The recent college admissions scandal — that gross, hydra-headed monster involving enormous bribes, test-taking ringers and fake photos of teenagers “playing” sports they never even tried — has mesmerized many Westport parents and students.
Plenty of educational consultants too.
Richard Avitabile has seen both sides of the process. He’s directed college admissions offices. Since 2002 he’s been a counselor with Steinbrecher & Partners, the Westport-based group that helps students from around the globe make appropriate educational choices — not just for college, but secondary school, therapeutic programs and graduate options as well.
He’s a parent, too.
“This is so entwined with how our society thinks about education, college and success. It’s opened a Pandora’s box,” Avitabile says of the arrest of 50 adults — including the mastermind of the long-running scam — earlier this month.
“This story makes us all wonder what we’ve been doing with our professional careers.”
Yet he is wary of painting all educational consultants with the same brush.
“The goal of independent counselors is to help kids negotiate a complex process, and find a way to succeed,” he says.
“At our core, we’ve always felt that students’ hard work, and the interests they’ve developed, have been the reason for their success.”
After the news broke, he spoke with colleagues across the country. They believe the scandal involves “a very small number of applicants, and a very small number of colleges and universities.”
But because of the sensational nature of the offenses — along with the money and Big Names involved — the story has legs.
“Most students get good grades and work on their test scores without having someone do it for them,” Avitabile notes. “We tell them, ‘develop your own life, and chances are good you’ll have great opportunities and options for college.'”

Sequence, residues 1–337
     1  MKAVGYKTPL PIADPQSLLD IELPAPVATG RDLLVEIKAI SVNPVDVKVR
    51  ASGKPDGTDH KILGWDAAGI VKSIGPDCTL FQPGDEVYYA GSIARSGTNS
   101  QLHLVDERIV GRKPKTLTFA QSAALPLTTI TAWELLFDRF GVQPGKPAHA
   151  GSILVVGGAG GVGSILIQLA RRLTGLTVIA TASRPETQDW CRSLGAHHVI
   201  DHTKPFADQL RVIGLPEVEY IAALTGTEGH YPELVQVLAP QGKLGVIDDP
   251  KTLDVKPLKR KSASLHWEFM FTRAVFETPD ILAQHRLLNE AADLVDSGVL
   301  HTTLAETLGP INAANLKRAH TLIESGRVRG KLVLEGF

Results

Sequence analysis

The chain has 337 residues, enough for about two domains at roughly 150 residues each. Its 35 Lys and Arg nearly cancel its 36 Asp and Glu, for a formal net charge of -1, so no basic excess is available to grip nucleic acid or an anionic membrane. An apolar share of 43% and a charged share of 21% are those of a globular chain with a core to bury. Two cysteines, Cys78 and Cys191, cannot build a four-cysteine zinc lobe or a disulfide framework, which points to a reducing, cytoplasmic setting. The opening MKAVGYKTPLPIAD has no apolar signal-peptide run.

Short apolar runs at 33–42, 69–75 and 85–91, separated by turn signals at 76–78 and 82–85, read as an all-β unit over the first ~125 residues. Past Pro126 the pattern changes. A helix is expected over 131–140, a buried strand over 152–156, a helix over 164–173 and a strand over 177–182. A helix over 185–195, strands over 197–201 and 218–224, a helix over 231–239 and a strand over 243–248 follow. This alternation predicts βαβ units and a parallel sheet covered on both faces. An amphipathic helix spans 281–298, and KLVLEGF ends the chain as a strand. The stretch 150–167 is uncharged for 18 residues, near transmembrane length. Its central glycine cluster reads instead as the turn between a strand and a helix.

What Rick Singer, his clients and a few coaches and unscrupulous educators have done “devalues the worth of students,” says Avitabile. “These parents somehow felt they had to rig the system for their kids. I don’t think those families had to do that.
“I’ve spent a lot of time telling families there are opportunities, without playing this game. You can find the right college for your child. We’ve helped them do that for years.”
It’s not easy, he admits. Educational consultants help people with means (and plenty of pro bono clients) through the long process.
Steinbrecher & Partners — and many other educational consultants — often assist families who lack the financial or other resources that well-heeled clients have. “We truly enjoy working with students who are eager for an education, helping match them to a school that’s right for them,” Avitabile says.
He is not surprised that some people try to use the system for their own ends. He is, however, dismayed that Singer — someone he calls “not an educational professional” — developed “a band of people who helped others commit fraud. They were not helping students through the process. They were thieves.”
Parents often ask Avitabile and his colleagues, “how can I be sure my child is admitted to [insert name or type of school]?”
“We spent a lot of time explaining that there are no guarantees,” he says. “At some schools 75% of the applicants are qualified, but fewer than 10% get in.”
So his message to students (and parents) is: “Develop who you are, in and out of the classroom. Pursue experiences that interest you. Work on talents or activities that fit your personality and goals. Don’t do something because it’s what you think a college wants. Become the person you are proud of, then find the places that meet your characteristics.”
After 17 years as an educational consultant — and 3 decades before that in college admissions — Avitabile is convinced that many families can make excellent decisions about college.
“I love it when a student takes the lead, and parents support the goals their child has for education,” he says. “Our thrust from the beginning is to put students in charge.
“If we listen to them, we can avoid bad intentions. Students can achieve what they want without illegal actions.”